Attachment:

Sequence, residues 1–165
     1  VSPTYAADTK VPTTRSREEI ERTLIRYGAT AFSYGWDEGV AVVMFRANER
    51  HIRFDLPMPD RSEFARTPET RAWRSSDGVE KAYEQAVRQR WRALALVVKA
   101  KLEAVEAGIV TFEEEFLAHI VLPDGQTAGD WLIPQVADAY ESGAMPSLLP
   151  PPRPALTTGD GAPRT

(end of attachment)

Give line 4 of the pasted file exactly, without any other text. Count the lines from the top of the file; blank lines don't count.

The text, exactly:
   101  KLEAVEAGIV TFEEEFLAHI VLPDGQTAGD WLIPQVADAY ESGAMPSLLP